Studies find that stepping in dog shit can cause cancer also. Jesus Christ you are a fucking whiny bitch, Ari.

KILLER_CLOWN
10-06-2012, 09:32 AM
Do you know that drano (which most people keep under their sink) and other cleaning products are more dangerous (have higher levels of toxicity) than Round up. did you know that?

Studies find that stepping in dog shit can cause cancer also. Jesus Christ you are a ****ing whiny bitch, Ari.

I try not to sprinkle too much of that on my food though. Dog shit doesn't cause cancer, just a huge mess on your shoe and it too can be avoided if you don't have the Mr. Magoo eyes.

suzzer99
10-06-2012, 03:07 PM
Well if it makes you guys feel any better, I just got my California sample ballot:
http://i612.photobucket.com/albums/tt202/suzzer99/5510B127-AE8A-44A1-A5A3-B3C967462A6B-5382-0000069A6413E1C2.jpg

KILLER_CLOWN
10-06-2012, 05:02 PM
Well if it makes you guys feel any better, I just got my California sample ballot:
http://i612.photobucket.com/albums/tt202/suzzer99/5510B127-AE8A-44A1-A5A3-B3C967462A6B-5382-0000069A6413E1C2.jpg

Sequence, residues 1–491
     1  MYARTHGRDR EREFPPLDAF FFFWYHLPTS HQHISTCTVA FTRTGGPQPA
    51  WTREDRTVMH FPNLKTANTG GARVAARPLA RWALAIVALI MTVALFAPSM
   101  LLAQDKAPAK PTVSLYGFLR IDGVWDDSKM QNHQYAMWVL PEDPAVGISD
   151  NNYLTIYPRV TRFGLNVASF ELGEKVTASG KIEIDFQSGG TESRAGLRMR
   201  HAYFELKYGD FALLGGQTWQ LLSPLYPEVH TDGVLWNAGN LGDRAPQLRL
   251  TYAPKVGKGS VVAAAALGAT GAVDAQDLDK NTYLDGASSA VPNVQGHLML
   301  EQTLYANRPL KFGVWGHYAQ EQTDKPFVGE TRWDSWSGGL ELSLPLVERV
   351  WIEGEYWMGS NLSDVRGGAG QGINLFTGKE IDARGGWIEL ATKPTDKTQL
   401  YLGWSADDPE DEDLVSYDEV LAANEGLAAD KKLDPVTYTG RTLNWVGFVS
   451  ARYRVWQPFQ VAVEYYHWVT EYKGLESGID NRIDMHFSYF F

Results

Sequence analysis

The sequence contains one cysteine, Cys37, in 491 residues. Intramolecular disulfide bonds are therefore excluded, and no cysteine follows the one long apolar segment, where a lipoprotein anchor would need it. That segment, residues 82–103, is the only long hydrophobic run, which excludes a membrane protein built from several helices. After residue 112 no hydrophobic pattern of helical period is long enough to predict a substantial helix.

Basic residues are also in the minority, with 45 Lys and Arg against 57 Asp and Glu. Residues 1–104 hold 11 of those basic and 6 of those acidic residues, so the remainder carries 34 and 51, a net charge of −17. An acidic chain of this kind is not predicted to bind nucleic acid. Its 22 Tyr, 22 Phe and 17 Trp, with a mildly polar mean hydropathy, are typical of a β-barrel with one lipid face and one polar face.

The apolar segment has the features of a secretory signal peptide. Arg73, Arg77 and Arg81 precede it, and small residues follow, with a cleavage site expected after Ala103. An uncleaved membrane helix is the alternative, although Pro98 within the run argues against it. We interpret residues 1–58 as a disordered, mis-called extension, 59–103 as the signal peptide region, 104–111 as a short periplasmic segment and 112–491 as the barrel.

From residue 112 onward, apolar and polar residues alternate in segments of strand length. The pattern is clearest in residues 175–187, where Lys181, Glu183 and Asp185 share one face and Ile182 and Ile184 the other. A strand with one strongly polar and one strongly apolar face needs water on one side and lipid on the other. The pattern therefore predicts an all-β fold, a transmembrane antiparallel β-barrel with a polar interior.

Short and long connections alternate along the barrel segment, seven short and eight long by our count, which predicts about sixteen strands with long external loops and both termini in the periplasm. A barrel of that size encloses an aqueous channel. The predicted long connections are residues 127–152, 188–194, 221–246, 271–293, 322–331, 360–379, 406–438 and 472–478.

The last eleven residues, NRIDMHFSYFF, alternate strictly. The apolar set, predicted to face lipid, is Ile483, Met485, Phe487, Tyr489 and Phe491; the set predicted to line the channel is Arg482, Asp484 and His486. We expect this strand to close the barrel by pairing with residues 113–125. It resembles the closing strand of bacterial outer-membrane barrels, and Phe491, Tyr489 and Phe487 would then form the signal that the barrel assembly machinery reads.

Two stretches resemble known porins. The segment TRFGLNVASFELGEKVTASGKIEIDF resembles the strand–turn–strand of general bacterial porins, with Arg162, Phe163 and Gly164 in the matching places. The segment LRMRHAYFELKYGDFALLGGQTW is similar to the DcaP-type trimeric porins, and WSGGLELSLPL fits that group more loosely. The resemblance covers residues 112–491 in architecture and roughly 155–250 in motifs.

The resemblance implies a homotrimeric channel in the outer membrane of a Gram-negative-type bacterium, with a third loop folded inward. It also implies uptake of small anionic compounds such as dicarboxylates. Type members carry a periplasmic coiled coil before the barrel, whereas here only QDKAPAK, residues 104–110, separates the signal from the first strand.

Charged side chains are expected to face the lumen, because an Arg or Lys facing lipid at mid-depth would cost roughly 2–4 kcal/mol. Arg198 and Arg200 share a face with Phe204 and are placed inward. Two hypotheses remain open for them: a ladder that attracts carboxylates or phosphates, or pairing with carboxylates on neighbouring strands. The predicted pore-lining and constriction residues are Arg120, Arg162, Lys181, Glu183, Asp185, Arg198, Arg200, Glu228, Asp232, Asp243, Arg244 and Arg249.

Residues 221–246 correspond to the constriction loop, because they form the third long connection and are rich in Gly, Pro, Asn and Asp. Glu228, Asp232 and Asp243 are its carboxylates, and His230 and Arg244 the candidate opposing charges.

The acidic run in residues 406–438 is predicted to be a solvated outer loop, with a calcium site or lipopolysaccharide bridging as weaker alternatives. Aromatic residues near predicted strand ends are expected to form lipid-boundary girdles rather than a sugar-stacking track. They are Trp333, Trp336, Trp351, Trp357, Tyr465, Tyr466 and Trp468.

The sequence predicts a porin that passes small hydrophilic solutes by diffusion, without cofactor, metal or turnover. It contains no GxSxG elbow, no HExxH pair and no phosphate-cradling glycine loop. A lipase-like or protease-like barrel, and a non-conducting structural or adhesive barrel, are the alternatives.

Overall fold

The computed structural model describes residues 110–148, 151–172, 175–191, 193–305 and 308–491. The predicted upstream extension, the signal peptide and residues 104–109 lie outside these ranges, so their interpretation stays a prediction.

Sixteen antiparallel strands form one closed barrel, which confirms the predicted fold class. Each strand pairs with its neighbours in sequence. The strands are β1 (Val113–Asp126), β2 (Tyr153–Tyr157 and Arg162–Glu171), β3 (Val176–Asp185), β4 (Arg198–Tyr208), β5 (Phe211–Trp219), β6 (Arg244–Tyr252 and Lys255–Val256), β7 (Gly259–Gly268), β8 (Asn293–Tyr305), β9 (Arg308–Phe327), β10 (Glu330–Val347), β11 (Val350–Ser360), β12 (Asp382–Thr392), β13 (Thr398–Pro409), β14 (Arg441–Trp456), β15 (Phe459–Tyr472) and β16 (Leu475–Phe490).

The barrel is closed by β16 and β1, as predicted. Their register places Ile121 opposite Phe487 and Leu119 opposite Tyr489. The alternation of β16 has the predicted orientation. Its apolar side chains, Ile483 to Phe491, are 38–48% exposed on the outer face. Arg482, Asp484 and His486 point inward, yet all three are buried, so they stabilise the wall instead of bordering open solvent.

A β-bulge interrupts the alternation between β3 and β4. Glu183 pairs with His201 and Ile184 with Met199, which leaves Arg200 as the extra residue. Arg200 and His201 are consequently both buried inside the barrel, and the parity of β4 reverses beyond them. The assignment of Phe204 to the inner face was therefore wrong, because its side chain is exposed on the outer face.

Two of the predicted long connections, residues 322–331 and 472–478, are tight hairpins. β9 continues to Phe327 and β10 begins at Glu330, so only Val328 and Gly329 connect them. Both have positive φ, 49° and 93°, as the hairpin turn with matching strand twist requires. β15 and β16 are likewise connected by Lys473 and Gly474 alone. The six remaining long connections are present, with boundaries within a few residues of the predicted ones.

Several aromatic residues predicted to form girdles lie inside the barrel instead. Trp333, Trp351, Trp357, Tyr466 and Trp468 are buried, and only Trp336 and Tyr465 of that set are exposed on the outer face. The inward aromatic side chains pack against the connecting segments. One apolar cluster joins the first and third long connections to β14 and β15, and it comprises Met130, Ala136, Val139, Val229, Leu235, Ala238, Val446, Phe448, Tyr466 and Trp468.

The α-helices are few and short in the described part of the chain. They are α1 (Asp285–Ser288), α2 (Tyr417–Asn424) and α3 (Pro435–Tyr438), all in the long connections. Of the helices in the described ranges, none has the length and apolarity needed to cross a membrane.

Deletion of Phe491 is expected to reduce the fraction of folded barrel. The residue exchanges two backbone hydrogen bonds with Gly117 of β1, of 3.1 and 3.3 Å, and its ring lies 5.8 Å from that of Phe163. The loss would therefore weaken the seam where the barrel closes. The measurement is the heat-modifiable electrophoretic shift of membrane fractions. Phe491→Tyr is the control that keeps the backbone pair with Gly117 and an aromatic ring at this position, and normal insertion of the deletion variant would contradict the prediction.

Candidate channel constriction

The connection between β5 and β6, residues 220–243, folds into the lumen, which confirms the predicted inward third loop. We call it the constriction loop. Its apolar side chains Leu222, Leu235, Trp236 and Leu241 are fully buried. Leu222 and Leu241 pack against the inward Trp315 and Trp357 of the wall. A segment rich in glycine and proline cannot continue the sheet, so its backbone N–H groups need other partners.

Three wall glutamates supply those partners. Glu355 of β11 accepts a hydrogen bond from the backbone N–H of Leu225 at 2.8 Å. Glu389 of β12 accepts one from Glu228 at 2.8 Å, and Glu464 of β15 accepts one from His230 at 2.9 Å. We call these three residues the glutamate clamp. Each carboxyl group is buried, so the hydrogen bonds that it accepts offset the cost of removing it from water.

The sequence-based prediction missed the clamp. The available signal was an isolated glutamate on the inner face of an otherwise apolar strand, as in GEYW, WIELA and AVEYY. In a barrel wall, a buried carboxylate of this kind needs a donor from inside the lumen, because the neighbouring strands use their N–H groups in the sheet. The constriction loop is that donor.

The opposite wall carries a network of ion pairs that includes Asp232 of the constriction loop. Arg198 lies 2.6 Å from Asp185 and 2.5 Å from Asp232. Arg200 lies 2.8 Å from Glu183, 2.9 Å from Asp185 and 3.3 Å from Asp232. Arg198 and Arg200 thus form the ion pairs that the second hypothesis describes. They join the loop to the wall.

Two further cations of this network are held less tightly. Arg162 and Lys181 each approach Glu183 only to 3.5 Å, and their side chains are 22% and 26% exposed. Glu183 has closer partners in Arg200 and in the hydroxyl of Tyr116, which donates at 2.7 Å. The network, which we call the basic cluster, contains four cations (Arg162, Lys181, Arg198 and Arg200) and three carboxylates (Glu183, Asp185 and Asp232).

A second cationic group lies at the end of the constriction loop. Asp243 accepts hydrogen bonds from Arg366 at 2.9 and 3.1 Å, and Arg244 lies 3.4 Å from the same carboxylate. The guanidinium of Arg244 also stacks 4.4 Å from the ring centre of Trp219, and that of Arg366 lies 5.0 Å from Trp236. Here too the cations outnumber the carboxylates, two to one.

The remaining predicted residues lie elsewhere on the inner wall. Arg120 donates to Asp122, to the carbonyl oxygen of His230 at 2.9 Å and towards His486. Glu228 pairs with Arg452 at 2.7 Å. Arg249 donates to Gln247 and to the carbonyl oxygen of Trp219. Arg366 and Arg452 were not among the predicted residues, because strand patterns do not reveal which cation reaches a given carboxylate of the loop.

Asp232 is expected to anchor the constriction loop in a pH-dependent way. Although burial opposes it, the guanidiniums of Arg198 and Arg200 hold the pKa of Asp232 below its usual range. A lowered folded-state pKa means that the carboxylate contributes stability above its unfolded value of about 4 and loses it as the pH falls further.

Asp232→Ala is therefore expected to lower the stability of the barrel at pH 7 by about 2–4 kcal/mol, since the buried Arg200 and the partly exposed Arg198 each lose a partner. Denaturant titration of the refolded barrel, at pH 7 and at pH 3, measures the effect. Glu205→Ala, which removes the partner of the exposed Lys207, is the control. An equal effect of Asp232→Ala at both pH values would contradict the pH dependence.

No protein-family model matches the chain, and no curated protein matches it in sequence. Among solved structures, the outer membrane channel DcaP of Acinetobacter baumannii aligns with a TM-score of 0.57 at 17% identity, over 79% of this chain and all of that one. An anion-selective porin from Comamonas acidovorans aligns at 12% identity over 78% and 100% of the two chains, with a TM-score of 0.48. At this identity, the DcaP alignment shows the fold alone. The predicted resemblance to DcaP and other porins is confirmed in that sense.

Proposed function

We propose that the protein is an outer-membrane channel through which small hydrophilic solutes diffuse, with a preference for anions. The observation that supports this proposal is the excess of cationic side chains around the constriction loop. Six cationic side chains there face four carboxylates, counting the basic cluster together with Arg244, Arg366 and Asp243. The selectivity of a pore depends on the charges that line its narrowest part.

Only if it gets implemented.

Fish
12-02-2013, 02:18 PM
FYI.... as expected, this was all BS. This study has now been retracted by the publishers.....

http://www.scientificamerican.com/article.cfm?id=study-linking-genetically-modified-corn-to-cancer

KILLER_CLOWN
12-02-2013, 03:18 PM
Scientific journal unethically decides to retract Seralini's GMO study

(http://rt.com/op-edge/monsanto-gmo-studies-reports-588/)The Journal of Food and Chemical Toxicology has caved under pressure from the biotech industry and agreed to retract Gilles-Eric Seralini's "controversial" experiment which showed that rats fed Monsanto's genetically modified (GM) corn developed tumors.

The study was controversial because it was the first to attempt to examine the long-term effects of consuming Monsanto's NK603 Roundup-tolerant corn. Previous experiments only covered periods of 90 days or less, which means that they were severely limited when you consider that corporations expect their customers to unquestioningly eat GMOs over their entire lifespan. Since the industry has been unable to produce any data refuting Seralini's results, they have instead been furiously working to discredit them. Monsanto's study only examined rats on a GMO diet for 90 days and dismissed signs of toxicity as "not biologically meaningful."